Optimizing the dosage of the adsorbent and the adsorption time on the target directly affects the efficiency of the pretreatment. In addition, evaluating the conditions of use of the adsorbent based on possible interferences during sample testing is also critical to the performance of the pretreatment material. Optimization of the pretreatment conditions resulted in a dosage of mZIF-8 of 2.0 mg/mL and an adsorption time of 20 min (Fig. 4a and b). The optimal pH of the adsorption system is 7.0 (Fig. 4c), and the NaCl salt solution with a concentration of 0–0.5 M has a weak effect on the adsorption effect (Fig. 4d). The optimal amount of mZIF-8 adsorbed CAP in chicken and egg was 2.0 mg/mL (Fig. 4e), and the adsorption time was 20, and 30 min, respectively (Fig. 4f).
Elution-free ELISA methodological validation
The IC50 of the ELISA with PBS solution as the quality control group was 0.78 ng/mL, and the detection range (IC20–IC80) was 0.22–2.79 ng/mL (Fig. 5a). The IC50 of the elution-free ELISA method after adsorption of CAP in water by mZIF-8 was 1.55 ng/mL, and the detection range (IC20–IC80) was 0.44–5.46 ng/mL (Fig. 5b). The IC50 in chicken and egg were 2.88 and 2.61 ng/mL; the detection ranges were 1.31–6.33 ng/mL and 1.20–5.66 ng/mL, respectively. In addition, comparing the conventional ELISA method that requires an elution procedure with the elution-free ELISA, the IC50 of the elution-ELISA is 1.13 ng/mL (Fig. 5c) (More ELISA results are shown in Tab. S3). The accuracy of the two ELISA methods was assessed by the recovery rate. The recoveries of the elution-free ELISA for the detection of CAP in chicken and eggs were 80.43%–92.55% and 82.46%–94.95%, respectively (Fig. 5d). The recoveries of the elution- ELISA for the detection of CAP in chicken and eggs were 84.87%–97.56% and 88.09%–98.42%, respectively (Fig. 5e). The RSD of the test results for the recoveries of all three concentrations (1.0, 5.0, and 10 ng/mL) were within 10% (n = 3). The above results indicate that mZIF-8 as a pretreatment material can meet the requirements of ELISA (Elution-free or Elution) for CAP in chicken and eggs.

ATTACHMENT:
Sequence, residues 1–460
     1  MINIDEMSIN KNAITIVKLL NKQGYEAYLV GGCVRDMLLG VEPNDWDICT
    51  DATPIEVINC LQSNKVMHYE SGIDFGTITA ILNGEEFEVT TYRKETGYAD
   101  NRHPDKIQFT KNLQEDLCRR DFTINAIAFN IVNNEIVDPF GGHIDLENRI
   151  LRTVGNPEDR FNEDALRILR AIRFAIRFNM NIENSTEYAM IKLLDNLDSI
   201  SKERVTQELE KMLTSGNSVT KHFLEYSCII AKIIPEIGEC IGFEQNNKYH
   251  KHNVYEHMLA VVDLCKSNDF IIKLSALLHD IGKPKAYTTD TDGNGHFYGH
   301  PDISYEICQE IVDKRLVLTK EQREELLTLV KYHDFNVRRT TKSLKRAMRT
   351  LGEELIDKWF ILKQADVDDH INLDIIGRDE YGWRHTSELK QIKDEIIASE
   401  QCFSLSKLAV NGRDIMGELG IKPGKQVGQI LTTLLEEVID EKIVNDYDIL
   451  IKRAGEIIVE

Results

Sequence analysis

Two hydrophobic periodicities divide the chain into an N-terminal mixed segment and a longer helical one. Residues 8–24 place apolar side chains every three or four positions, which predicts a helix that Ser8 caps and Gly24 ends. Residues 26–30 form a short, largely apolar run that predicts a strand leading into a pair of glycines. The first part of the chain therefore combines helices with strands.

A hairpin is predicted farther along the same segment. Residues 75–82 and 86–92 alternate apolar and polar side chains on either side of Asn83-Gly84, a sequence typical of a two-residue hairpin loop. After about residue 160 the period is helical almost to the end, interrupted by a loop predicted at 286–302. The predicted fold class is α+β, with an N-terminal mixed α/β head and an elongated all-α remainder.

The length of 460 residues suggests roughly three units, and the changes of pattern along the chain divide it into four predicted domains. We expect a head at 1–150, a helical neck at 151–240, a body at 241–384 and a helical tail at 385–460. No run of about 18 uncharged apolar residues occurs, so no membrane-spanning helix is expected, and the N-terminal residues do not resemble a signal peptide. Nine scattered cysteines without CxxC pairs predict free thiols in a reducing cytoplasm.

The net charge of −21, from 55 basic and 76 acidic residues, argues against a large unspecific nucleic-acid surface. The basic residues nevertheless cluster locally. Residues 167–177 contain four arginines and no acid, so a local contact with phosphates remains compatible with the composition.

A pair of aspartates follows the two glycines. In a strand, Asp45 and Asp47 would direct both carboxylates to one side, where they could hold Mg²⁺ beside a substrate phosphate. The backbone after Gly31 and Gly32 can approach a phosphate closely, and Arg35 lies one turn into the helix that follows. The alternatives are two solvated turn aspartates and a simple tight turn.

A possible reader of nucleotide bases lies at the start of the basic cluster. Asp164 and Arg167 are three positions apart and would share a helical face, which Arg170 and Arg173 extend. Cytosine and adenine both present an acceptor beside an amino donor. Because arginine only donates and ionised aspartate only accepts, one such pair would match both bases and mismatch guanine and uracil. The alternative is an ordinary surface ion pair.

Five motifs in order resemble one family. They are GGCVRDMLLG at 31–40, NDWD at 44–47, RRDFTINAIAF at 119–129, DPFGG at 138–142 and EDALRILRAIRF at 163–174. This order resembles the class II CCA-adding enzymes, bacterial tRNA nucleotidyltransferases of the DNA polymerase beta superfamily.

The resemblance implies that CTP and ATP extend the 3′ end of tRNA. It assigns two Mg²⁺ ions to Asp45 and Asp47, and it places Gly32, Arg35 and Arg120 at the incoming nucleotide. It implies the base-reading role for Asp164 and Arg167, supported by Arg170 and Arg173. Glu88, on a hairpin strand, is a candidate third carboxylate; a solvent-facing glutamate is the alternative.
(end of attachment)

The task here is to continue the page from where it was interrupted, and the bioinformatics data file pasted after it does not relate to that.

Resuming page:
Comparing the results of this study with those of recent CAP assays (Table 1), it can be found that mZIF-8 has a high adsorption capacity and rapid adsorption efficiency for CAP. The elution-free ELISA for mZIF-8 is less time-consuming and more sensitive than other immunological rapid assays. More importantly, mZIF-8 has a more efficient pre-treatment capability for solid edible animal tissues. The specificity test of mZIF-8 elution-free ELISA for CAP is shown in Fig. S3.
Actual sample detection
Twelve real samples of chicken and eggs were pretreated using mZIF-8 and subjected to an elution-free ELISA based on the principle of double-blind experiments. The accuracy of all samples tested ranged from 91.0% to 114.1%, and all results were without false negatives and false positives (Tab. S4). The above results indicate that mZIF-8 is suitable for the pretreatment of chloramphenicol in chicken and eggs, and that chloramphenicol in the matrix can be directly determined by ELISA without elution after adsorption and magnetic separation. LC–MS/MS validation was performed on samples collected after elution using the organic mobile phase (Fig. S3). Local commercially available chicken and egg samples from Sanya City, Hainan Province tested negative for CAP (Tab. S5).
This study reveals that rhombic dodecahedral ZIF-8 with (011) crystalline surface facets has selective adsorption to chloramphenicol. Magnetic ZIF-8 was successfully prepared in the aqueous phase and used for the adsorption and rapid separation of chloramphenicol from chicken meat and eggs. FTIR, XRD, XPS, and Zeta potential characterization indicated that mZIF-8 adsorbed chloramphenicol mainly through π-π electron stacking, hydrogen bonding, and electrostatic interaction. Owing to the high adsorption characteristics of ZIF-8 (large specific surface area) and the magnetic separation ability of the beads, mZIF-8 accomplished sufficient adsorption of chloramphenicol from animal-derived foods (chicken & egg) within 20 min. ELISA confirmed that chloramphenicol remained antigenically immunoreactive after adsorption by mZIF-8. The elution-free ELISA method with mZIF-8 as pretreatment material simplifies the pretreatment steps and shortens the pretreatment time for solid sample matrices, while achieving similar sensitivity to conventional ELISA methods for chloramphenicol detection. Magnetic MOFs hold promise as solid-phase extraction materials for the pretreatment of other antibiotic residues in animal-derived foods.
Materials and methods
Synthesis and characterization of MOFs
Magnetic beads were prepared by the co-precipitation method . Magnetic ZIF-8 particles (mZIF-8) were obtained by one-step self-assembly in an aqueous magnetic bead solution. Materials and the detailed preparation steps are described in the supplementary materials. Monoclonal antibodies and encapsulated antigens for CAP were made homemade for this experiment .